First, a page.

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SLU Researcher Anne Sebert Kuhlmann to Receive Generate Health STL Award

by Maggie Rotermund on 10/15/2019
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Saint Louis University’s Anne Sebert Kuhlmann, Ph.D., MPH, will receive the Researcher Award from Generate Health STL at its annual Standing Up for Mothers and Babies event on Friday, Oct. 25.

The Generate Health event brings together individuals and organizations who are committed to improving the health of mothers and babies in the St. Louis area. 

Anne Sebert Kuhlmann, Ph.D.

Anne Sebert Kuhlmann, Ph.D., MPH, is an associate professor of behavioral science and health education. Photo by Diane Chapman.

Sebert Kuhlmann, associate professor of behavioral science and health education at SLU’s College for Public Health and Social Justice and her team, documented the difficulties that low-income people with periods face in accessing sanitary supplies.

Sebert Kuhlmann’s study found that nearly two-thirds of the women her team surveyed and interviewed in St. Louis were unable to afford menstrual hygiene supplies like pads or tampons at some point during the previous year, and 21% of women lacked supplies monthly. Nearly half – 46% – of those surveyed could not afford to buy both food and period-related products during the past year.

In announcing the award, Generate Health acknowledged how her work illustrates a commitment to the community as well as working together as a region.

“After finalizing her study, Dr. Sebert Kuhlmann reached out to local organizations and advocates who could use it to create change. Her work illustrates her commitment to the community, and to working together as a region,” the organization said. “Beyond this study, she has focused her career and research interests on community mobilization, maternal and reproductive health. She has worked with indigenous populations in other countries, and with global organizations such as Dignity Period and Microfinancing Partners for Africa.”

The St. Louis women surveyed by Sebert Kuhlmann’s team reported that a key challenge in accessing period products stems from the products’ high cost and their inability to apply government benefits toward their purchase. Funds from Women, Infants, and Children Program (WIC) or Supplemental Nutrition Assistance Program (SNAP) can’t be used to buy period products.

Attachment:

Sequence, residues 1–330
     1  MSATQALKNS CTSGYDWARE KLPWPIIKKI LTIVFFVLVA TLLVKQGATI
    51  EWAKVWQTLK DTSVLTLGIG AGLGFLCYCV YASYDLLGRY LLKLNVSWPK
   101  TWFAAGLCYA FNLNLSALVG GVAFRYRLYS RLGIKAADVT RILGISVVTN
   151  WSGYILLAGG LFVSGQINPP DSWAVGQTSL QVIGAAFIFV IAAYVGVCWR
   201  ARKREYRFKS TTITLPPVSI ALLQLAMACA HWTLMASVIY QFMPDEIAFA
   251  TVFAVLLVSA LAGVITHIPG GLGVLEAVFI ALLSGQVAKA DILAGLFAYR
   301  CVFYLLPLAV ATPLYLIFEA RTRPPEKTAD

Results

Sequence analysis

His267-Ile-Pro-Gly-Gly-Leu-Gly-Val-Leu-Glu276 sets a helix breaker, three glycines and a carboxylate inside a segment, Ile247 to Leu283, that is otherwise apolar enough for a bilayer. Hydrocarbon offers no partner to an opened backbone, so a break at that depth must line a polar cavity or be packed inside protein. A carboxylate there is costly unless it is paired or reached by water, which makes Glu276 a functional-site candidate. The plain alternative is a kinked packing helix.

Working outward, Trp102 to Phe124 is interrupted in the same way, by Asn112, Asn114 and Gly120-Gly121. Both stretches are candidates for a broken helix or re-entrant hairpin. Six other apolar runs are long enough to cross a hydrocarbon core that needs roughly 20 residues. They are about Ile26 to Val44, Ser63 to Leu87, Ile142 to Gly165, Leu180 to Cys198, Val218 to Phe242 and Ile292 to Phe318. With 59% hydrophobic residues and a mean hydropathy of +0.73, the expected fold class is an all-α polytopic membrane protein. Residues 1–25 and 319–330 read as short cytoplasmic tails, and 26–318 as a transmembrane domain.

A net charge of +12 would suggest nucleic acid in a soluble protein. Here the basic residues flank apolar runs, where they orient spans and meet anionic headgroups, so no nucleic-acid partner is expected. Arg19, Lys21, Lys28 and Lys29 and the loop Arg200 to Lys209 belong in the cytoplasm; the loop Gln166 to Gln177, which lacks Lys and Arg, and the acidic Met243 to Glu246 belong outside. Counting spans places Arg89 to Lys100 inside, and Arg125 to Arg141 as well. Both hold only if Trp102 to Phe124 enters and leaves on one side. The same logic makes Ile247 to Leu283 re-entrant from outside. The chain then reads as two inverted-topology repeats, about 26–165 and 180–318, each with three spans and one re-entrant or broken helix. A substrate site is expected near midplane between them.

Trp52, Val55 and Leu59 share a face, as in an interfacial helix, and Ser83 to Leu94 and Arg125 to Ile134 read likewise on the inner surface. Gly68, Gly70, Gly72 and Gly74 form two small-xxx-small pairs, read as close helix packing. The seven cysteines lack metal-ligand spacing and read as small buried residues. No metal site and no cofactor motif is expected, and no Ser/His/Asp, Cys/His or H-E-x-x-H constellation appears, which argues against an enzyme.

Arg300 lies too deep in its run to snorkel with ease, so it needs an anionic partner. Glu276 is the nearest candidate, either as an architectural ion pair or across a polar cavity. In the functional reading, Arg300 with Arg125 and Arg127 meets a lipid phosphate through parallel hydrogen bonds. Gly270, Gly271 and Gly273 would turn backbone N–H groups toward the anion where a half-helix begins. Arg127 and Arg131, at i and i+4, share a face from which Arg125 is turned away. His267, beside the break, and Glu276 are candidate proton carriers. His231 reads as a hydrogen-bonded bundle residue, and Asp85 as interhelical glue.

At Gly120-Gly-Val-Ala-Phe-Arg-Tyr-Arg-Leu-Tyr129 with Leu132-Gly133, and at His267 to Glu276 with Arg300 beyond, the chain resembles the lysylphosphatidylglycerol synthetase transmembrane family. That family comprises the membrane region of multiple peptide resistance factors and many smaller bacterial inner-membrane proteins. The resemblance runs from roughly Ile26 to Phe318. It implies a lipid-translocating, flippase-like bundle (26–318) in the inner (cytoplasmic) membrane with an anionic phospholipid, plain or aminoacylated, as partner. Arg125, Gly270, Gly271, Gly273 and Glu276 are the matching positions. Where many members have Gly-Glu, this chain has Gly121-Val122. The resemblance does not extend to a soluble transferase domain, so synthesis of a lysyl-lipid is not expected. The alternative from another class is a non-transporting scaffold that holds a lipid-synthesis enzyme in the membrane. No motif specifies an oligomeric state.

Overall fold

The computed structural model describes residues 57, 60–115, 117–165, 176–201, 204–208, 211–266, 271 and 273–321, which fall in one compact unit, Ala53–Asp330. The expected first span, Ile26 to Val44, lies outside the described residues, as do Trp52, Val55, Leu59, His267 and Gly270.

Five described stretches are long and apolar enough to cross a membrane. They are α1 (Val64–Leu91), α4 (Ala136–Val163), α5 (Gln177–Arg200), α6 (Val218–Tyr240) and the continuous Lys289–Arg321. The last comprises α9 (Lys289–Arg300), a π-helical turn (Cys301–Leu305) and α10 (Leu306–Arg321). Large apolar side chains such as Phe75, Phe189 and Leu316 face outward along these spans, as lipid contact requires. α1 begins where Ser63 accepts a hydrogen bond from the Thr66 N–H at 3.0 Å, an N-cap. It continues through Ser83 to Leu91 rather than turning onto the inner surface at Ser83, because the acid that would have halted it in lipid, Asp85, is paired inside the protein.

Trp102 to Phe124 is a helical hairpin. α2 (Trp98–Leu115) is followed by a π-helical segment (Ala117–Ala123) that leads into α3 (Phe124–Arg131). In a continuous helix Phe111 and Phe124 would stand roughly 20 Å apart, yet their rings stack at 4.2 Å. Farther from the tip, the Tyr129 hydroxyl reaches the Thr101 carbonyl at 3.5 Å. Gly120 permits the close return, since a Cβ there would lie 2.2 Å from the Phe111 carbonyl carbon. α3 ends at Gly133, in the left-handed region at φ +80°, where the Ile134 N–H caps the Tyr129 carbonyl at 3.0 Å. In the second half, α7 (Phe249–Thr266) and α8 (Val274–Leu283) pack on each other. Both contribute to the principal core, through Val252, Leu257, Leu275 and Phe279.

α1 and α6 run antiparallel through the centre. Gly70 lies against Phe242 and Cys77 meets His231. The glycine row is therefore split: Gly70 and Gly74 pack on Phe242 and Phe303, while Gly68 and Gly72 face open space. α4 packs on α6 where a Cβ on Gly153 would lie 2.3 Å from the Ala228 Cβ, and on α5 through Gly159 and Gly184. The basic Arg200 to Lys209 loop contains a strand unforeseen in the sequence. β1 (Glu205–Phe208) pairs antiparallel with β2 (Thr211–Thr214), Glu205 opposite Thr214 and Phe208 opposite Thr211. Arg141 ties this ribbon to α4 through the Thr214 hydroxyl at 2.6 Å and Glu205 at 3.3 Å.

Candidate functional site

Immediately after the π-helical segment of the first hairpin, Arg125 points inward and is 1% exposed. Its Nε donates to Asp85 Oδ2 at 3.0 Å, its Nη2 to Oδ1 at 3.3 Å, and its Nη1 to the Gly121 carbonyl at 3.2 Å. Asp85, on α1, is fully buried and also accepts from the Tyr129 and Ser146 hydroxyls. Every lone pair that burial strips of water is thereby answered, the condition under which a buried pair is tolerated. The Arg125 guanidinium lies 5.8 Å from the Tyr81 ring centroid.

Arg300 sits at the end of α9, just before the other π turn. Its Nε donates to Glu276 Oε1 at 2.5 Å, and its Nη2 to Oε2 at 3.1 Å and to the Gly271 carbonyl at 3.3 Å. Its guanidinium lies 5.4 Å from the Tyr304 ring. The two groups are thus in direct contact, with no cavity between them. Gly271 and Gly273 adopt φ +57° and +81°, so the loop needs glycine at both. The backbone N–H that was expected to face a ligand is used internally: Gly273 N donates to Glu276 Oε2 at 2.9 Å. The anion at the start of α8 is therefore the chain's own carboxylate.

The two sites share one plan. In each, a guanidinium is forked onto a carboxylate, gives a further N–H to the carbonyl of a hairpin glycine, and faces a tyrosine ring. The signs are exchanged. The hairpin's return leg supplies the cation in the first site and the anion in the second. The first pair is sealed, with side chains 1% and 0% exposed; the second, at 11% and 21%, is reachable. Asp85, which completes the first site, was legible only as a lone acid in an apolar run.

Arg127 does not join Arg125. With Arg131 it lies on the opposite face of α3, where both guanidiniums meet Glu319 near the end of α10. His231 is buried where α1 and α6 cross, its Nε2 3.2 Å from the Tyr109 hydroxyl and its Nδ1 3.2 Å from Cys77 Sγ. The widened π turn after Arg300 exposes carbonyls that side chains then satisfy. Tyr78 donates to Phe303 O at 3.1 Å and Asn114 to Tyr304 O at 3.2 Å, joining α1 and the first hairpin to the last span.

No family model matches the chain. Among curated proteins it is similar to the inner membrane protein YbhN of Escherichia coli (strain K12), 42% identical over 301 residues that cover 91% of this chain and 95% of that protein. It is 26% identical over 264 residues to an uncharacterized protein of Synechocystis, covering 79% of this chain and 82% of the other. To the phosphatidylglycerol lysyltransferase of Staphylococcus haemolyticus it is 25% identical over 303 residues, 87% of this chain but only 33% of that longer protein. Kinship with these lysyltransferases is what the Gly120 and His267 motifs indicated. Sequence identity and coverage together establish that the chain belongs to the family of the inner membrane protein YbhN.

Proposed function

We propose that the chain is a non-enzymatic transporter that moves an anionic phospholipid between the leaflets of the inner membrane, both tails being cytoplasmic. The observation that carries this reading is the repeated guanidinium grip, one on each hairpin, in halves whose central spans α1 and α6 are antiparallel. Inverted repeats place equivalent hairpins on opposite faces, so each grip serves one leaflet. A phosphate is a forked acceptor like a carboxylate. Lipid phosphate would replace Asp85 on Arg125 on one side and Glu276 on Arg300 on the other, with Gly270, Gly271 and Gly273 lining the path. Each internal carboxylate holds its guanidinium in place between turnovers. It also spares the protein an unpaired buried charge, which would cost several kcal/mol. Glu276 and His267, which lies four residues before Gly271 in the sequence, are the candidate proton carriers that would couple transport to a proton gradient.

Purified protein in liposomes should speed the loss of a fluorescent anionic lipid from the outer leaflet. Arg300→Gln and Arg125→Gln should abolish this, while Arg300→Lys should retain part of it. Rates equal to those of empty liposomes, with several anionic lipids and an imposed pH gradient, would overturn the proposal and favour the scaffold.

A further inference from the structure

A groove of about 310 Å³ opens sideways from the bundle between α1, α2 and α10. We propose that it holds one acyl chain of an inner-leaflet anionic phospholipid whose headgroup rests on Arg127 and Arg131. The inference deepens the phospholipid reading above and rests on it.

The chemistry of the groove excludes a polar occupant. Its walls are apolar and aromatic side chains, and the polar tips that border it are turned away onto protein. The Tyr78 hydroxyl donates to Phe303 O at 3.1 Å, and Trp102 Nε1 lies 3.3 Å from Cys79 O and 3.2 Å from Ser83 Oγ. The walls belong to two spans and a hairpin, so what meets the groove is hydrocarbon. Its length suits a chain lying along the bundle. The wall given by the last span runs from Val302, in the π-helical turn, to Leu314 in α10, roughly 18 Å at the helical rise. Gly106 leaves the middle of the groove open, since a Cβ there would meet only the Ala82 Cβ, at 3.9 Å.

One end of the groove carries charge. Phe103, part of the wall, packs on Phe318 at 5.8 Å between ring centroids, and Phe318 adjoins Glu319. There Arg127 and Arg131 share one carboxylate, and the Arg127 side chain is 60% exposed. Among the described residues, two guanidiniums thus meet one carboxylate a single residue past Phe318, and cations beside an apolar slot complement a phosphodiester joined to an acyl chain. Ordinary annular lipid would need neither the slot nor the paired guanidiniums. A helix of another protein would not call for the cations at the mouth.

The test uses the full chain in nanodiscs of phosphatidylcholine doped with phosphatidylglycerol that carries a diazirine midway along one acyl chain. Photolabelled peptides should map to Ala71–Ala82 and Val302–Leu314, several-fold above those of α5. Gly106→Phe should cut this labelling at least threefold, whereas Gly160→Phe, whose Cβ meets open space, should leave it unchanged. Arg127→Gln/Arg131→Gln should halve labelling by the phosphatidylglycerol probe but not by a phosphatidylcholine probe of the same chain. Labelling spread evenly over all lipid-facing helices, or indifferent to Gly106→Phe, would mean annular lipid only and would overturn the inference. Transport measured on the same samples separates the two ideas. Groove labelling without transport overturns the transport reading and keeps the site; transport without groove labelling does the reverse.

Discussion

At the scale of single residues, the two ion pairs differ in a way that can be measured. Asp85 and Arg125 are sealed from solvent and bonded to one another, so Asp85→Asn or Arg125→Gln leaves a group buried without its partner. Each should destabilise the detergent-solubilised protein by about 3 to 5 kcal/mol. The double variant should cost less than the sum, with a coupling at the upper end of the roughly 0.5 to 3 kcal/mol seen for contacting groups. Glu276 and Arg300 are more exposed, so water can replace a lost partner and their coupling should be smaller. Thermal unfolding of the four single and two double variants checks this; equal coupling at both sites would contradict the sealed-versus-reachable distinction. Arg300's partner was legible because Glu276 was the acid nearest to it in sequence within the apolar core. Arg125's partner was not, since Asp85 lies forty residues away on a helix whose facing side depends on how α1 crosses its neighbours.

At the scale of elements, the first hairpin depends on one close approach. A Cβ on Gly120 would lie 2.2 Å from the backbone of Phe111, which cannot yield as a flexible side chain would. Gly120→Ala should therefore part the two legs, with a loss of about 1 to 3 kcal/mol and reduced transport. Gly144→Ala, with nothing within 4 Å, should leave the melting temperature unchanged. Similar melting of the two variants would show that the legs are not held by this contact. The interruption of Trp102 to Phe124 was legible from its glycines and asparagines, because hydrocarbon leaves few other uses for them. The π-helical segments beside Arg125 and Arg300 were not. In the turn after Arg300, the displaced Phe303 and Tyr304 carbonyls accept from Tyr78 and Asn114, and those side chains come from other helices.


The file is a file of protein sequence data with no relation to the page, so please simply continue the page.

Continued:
Her work has influenced action in the community, from church groups to SLU’s Project Period, which started in January to provide students access to menstrual hygiene resources.

In St. Louis, the St. Louis Alliance for Period Supplies is raising awareness, distributing period products through an affiliation with the St. Louis Diaper Bank and advocating for legislative change. Dignity Period has partnered with the Jennings School District on a pilot project providing interested female students with reusable pads. Missouri Appleseed has worked with both the state and the city to get pads and tampons for incarcerated populations provided free of charge.

School districts in New Hampshire and the Boston area, both citing Sebert Kuhlmann’s research, are providing period products in middle and high schools this year.

Sebert Kuhlmann’s work on this topic continues. She, along with colleagues Ellen Barnidge, Ph.D., MPH, associate professor of behavioral science and health education, and Enbal Shacham, Ph.D., associate professor of behavioral science and health education, are conducting a “women’s resources audit” in the City of St. Louis, examining product availability, cost and overall access.

Generate Health will honor four other champions for their contributions to the field of women and infant health. 2019 marks Generate Health STL’s 20th year of service to the community.

Other honorees include: